The scent of incense cloyed the air of the medium sized chamber, not quite hiding an unpleasant smell reminiscent of putrescent vegetables. Endra Yahnna leaned back in her chair and wondered if her host had any intention of paying her. Yahnna’s instincts were telling her that something was wrong, but she just couldn’t determine what.

            Her host, Nargil Zar, a wizened blue-skinned humanoid, was the source of several unpleasant odors, not all of them physical. Nargil was a Thracian, a group generally inclined towards crime and mayhem, much like the Hutts, and the Thracians had an equivalent reputation for treachery and greed.

Just because Nargil had paid Yahnna for two previous deliveries didn’t mean he was going to now. Hidden by myriad wrinkles, his expression was difficult to read, but he didn’t bother to hide an oily smirk as he regarded Yahnna from behind a sumptuous desk of Ibollian skywood. Yahnna didn’t look her best, she knew, having just spent a hard two weeks evading Imperial authorities and she didn’t feel inclined to waste time getting pretty for someone like Nargil.

He likes to believe he’s a big fish in a little pond, Yahnna thought while waiting for him to break the silence that had grown between them since she had been shown into Nargil’s presence. The pond is a lot bigger than he cares to admit, but since he owes me fifteen thousand, I can pretend to be impressed.

“Madame Yahnna,” Nargil’s voice was a surprisingly musical tenor and entirely at odds with his apparently ancient appearance, “you had a good trip, I take it?”

Yahnna shrugged noncommittally. “The usual trouble, but we got here.” The rest of the crew of her current ship, the inappropriately named Smooth Sailing, had been ordered to remain on board. That, Yahnna remembered, had irritated them but she had her reasons for denying them the usual end-of-mission carouse for a few hours.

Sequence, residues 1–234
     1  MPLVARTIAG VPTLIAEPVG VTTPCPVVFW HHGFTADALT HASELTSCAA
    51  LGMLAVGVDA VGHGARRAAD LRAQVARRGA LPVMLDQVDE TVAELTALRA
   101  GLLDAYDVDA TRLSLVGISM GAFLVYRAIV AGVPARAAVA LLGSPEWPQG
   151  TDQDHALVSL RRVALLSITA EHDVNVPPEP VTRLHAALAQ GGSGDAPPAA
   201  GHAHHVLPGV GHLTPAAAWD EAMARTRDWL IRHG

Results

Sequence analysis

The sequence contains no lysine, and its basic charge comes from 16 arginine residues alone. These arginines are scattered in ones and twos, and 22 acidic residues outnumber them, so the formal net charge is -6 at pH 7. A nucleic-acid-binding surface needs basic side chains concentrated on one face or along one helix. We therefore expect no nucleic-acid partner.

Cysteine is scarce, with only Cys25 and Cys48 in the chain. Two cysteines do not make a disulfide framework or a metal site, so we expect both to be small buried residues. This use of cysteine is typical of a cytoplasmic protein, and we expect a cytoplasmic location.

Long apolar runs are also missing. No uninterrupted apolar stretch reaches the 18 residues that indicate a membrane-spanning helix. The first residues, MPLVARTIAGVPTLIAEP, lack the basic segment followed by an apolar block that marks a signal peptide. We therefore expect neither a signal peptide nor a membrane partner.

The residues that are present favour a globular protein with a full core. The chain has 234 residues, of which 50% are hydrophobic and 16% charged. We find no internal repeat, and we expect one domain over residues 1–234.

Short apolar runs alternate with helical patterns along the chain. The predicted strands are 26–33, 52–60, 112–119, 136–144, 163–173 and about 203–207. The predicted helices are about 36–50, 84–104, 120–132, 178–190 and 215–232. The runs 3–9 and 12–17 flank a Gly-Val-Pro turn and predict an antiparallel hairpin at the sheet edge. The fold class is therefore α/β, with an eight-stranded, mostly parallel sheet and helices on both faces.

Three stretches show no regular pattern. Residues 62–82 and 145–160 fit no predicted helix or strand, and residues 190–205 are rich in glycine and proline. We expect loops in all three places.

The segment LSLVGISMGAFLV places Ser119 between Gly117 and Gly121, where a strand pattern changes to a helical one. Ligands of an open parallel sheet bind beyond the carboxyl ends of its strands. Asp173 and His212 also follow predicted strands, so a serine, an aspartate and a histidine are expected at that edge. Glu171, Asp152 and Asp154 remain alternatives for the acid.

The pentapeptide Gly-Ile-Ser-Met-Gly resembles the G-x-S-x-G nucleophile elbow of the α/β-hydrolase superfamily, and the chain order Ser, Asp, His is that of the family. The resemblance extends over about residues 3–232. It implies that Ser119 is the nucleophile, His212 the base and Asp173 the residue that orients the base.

Nargil’s smile widened, showing the sharp teeth of a carnivore. “I’m so glad. So, where are my goods?” he looked around the empty room, obviously disappointed that Yahnna had not hauled two hundred kilos of illegal drugs through a busy spaceport to his door.

“Where’s my money?” Yahnna asked bluntly. She had long since learned the folly of providing the goods before she had a fistful of credits in her hand. “Pay what’s due and I’ll tell you where to pick up the gear.”

“Ah, of course.” Nargil seemed entirely unruffled by Yahnna’s manner as he languidly brushed dust off his toga-like robe. “I would like to negotiate that. Specifically, I think a reduction is in order.”

Yahnna bristled, a scowl marring her already-drawn features. “What?”

“The market has softened.” Nargil replied easily. “The value of the goods has dropped and I can’t afford to pay you the full fifteen thousand. I can offer you five thousand and a promise to carry my next cargo.”

Yahnna inhaled slowly, keeping her temper and thinking quickly. “Five thousand doesn’t even cover my expenses.” She declared, half-honestly. “What makes you think I’ll take that, with or without a promise to get swindled by you again?”

Nargil regarded the ceiling for a moment, as if expecting guidance from the heavens. “I have my reasons.”

“And those are?” Yahnna asked, shifting in her chair. She felt the need to have her blaster close to hand, and she never ignored that little voice.

To answer, Nargil clapped his hands sharply and turned his attention to the room’s single door. That door flew open and Yahnna recognized both beings that barged in. One, a compactly muscular humanoid, was Nargil’s regular bodyguard and the other was Dreena, a young woman of barely eighteen years and newest addition to Yahnna’s crew. Nargil’s lackey, Breshin, held Dreena in a painful arm lock and the blaster he held to her side was more than adequate to vaporize a large percentage of her mass. Dreena’s face was white with fear, but she kept quiet, even as tears ran down her face.

Nargil chuckled, “There’s my reason, Yahnna. You can accept my offer or lose this lovely young creature.”

Yahnna immediately drew her own blaster and brought it to bear on Breshin, although neither he nor Nargil were alarmed by her reaction.

“You’re outnumbered.” Nargil warned her, his confident smile still wide.

Yahnna nodded slowly, now understanding Nargil’s confidence. She sighed deeply, her blaster unwavering, playing for time. She could see Dreena shaking in her captor’s grip, and Yahnna wondered if this game was really worth the stakes.

“Where can I find the cargo?” Nargil demanded.

“Will I even get the five thousand?” Yahnna asked, not taking her eyes off her terrified crewmate.